The launch of Ethereum (ETH) 2.0 may be delayed yet again after developers rescheduled the network’s proof-of-stake algorithm upgrade for June 2020, as reported by Cointelegraph on May 15. Taking into account all of the factors surrounding the highly anticipated launch, the statements made by the development team can be construed as an almost official promise. Or, as the devs themselves say, “carefully” optimistic, meaning that the critical update is still not in sight.
The main reason for the note of this careful optimism is the presence of multiple bugs in the system that the Ethereum team is striving to fix while other platforms are successfully launching their proof-of-stake networks. Why is it taking so long for Ethereum to implement its final upgrade phase before becoming truly scalable, and can this delay mean that Ethereum 2.0 is losing the scalability race?Tinkering with bugs
The true scalability of Ethereum is constantly encountering hurdles along the way to becoming a full-fledged and viable system capable of overtaking the market with its unlimited product offering on an entirely new scope. However, bug fixing has seemingly slowed down the progress of development as other projects race to launch staking and overtake Ethereum.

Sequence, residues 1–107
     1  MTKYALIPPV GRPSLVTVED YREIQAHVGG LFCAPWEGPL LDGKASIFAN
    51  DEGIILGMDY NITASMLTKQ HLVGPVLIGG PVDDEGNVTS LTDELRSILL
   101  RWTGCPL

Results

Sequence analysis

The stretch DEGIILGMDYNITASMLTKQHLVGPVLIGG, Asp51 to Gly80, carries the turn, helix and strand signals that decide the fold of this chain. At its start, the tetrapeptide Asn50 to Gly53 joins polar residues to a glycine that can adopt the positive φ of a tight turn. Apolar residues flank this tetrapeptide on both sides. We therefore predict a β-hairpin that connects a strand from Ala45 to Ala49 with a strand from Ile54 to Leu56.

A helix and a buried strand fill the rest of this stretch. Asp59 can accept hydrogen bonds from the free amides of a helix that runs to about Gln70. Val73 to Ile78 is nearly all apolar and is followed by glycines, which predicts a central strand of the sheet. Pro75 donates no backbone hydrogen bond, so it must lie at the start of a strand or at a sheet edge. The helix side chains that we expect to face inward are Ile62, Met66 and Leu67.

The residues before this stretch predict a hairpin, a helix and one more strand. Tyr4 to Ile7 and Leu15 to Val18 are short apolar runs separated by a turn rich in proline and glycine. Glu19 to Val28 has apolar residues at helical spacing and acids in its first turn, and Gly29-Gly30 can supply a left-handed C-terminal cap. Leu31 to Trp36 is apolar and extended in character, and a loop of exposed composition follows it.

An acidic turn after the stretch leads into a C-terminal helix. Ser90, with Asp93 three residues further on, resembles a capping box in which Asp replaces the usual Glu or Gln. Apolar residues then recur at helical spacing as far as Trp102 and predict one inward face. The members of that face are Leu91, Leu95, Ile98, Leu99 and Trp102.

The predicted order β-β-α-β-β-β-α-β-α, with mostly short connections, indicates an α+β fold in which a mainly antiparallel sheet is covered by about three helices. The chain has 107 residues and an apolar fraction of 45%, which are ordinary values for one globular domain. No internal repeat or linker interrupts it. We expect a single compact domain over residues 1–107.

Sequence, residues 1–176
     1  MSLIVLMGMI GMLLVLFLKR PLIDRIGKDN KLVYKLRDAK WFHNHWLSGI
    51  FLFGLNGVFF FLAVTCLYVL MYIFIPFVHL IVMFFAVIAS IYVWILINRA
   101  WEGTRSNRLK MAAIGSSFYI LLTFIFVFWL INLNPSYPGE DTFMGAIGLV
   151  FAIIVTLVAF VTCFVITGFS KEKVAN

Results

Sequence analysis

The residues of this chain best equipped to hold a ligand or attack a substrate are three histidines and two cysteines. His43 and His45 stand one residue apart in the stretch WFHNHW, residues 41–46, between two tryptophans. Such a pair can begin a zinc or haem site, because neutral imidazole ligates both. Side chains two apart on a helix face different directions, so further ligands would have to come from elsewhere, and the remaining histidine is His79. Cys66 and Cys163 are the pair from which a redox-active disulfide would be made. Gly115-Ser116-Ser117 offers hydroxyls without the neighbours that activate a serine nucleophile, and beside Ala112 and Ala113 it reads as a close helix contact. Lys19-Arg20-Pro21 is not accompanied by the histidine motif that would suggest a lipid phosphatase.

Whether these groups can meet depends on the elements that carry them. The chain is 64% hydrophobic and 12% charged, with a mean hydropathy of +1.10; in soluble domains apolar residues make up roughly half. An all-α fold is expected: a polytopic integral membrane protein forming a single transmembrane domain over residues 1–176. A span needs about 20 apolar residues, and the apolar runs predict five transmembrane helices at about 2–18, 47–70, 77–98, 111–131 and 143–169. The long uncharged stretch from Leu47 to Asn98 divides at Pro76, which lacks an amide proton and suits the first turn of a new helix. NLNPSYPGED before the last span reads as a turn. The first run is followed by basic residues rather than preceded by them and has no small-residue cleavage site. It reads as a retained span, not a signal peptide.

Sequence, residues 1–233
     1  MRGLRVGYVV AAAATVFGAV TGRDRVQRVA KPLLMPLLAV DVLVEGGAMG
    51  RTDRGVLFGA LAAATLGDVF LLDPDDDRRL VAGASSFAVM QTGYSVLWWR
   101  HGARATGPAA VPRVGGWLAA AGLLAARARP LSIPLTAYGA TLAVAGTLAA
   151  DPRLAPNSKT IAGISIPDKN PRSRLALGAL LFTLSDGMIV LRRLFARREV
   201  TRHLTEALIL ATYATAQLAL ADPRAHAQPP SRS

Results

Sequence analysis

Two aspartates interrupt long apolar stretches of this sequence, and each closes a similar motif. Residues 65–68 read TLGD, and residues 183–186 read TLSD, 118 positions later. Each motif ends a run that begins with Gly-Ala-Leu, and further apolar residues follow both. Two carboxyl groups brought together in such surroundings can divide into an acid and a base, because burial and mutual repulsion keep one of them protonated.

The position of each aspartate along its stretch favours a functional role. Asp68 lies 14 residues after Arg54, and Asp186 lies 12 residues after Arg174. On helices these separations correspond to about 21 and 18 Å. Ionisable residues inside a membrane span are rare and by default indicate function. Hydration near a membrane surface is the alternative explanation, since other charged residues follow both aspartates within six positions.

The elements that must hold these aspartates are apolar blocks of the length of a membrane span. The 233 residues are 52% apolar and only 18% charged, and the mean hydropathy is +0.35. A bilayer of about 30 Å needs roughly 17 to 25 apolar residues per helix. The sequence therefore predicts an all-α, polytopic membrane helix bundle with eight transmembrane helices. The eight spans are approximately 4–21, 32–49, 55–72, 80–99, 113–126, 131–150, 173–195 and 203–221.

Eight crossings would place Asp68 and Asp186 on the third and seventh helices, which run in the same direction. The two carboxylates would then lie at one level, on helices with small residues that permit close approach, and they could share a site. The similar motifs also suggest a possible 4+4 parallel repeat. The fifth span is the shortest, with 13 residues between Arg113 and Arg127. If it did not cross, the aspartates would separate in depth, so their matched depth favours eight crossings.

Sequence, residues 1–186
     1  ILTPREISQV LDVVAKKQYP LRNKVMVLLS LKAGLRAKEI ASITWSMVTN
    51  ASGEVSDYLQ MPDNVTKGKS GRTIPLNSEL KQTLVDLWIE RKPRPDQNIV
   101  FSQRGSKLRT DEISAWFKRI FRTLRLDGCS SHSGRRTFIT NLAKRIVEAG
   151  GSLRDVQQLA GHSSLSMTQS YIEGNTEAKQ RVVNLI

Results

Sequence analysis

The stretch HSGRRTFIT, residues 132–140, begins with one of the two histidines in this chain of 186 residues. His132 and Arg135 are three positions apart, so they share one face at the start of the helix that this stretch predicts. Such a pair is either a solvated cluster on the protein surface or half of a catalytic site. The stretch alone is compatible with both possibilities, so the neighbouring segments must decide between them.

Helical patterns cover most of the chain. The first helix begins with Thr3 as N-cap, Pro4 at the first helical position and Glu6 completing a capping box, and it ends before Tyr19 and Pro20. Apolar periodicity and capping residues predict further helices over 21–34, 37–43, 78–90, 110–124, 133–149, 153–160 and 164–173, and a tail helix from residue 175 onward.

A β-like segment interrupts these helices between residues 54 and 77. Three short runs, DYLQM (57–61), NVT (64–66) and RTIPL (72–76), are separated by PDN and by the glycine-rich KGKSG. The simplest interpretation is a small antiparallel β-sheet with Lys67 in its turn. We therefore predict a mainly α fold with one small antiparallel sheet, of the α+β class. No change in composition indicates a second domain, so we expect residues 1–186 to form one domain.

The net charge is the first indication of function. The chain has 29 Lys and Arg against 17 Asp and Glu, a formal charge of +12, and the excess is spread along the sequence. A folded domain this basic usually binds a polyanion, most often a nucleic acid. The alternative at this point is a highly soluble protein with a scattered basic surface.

The Ethereum 2.0 launch had initially been scheduled for January 2020, but the phase of finding and fixing code vulnerabilities is a long and laborious process for any project, and it’s not always possible to evaluate the time needed for these tasks. Routines such as security audits, fuzzing, detecting and fixing bugs can take months or even have no end, as the code itself is an infinite stream that can never be perfected.
It’s more complicated to plan and execute a large volume of technical work on a blockchain when it comes to new technologies such as sharding, according to Rongjian Lan, chief technology officer at blockchain startup Harmony. He told Cointelegraph:“The coordination and dat...